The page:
Yes, a lot of people across the globe use Facebook (though it’s fair to note that large swaths of people are also leaving Facebook, because posts like this are accurate). For the billion+ worldwide who still use Facebook, participating in your community on Facebook Groups would undeniably be easier based on the simple logic that it’s one less website to log into. I won’t argue that.
But easier isn’t always better, especially for online communities.
You may think it’s a benefit that someone can log into Facebook and discover a red alert in the upper right hand corner that takes them to community activity. Woo-hoo! So convenient!
That person most likely did not log into Facebook specifically to access your community. You want your members participating by habit, not accident.
Plus, whatever participation they offer will most likely come amidst participation in other Groups and their general news feed. So your community will get lumped in with everything under the Facebook umbrella. Do you really want the context for your community conversation to be linked with baby pictures, annoyances at uninteresting ads, and divisive political rants by angry uncles?
That’s not the path toward creating an online temple that makes participating in your online community special. And special is what you’re trying to build.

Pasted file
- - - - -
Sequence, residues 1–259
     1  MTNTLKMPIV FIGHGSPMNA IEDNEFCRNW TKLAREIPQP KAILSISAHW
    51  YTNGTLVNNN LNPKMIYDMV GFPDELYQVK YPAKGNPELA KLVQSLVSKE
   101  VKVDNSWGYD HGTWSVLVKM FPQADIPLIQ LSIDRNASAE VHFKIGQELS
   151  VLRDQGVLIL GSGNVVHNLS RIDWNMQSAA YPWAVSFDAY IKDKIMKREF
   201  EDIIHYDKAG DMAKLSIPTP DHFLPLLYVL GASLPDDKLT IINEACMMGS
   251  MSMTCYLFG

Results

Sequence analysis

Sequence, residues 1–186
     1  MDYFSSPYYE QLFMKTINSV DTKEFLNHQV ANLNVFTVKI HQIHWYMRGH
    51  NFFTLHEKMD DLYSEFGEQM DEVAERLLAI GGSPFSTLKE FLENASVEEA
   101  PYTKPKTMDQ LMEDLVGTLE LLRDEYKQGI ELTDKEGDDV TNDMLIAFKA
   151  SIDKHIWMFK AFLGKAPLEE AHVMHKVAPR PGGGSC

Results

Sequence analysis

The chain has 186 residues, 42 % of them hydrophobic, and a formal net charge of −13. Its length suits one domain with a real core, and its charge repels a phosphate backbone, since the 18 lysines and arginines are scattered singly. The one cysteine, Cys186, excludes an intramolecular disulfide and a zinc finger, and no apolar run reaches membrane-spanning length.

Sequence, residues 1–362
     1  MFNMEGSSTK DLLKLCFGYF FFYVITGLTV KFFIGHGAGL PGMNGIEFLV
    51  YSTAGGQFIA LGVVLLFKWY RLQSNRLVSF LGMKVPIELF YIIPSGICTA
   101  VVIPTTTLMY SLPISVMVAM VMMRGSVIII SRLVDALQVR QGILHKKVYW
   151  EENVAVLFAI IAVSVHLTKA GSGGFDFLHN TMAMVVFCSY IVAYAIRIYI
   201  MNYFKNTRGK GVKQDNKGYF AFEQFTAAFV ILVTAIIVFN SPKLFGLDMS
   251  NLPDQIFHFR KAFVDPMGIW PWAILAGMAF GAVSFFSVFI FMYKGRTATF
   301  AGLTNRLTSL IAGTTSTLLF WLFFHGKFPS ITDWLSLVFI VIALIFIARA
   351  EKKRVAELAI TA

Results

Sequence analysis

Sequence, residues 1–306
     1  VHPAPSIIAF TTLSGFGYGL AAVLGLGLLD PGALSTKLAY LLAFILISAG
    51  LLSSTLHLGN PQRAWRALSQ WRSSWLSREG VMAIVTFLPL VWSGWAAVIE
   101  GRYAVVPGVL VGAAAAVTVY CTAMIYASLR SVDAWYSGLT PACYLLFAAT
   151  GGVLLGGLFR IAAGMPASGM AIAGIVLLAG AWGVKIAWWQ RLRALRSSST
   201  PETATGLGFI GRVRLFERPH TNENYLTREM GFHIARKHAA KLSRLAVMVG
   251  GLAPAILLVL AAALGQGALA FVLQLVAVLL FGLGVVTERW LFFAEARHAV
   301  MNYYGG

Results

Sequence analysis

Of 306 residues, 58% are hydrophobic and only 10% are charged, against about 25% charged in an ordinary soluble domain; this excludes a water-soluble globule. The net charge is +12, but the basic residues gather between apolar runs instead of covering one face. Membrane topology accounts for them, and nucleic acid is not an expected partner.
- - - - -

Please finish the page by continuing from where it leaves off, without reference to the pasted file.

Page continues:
- A special community inspires people to invest time, be vulnerable, and break out of the mental chains that make change difficult.
- A special community encourages people to help other members and share it with friends and family who might benefit.
- A special community convinces people to keep paying when each recurring charge comes through, because they can’t imagine going down the path they’re on without this congregation of people and knowledge.
But it’s difficult to build a special Facebook Group because, almost by definition, they are not special.
Sure, through sheer force of will and care, a dedicated community leader could make a Facebook Group work, even thrive. Communities are, after all, more about people than anything else.
But why work against the grain? Why climb uphill?
There is always a better solution for a serious, paid online community than a Facebook Group.
Wait, are Facebook Groups ever the right solution?
You might argue that a Facebook Group is a cheap, easy way to test the community waters and see if you can get some activity going.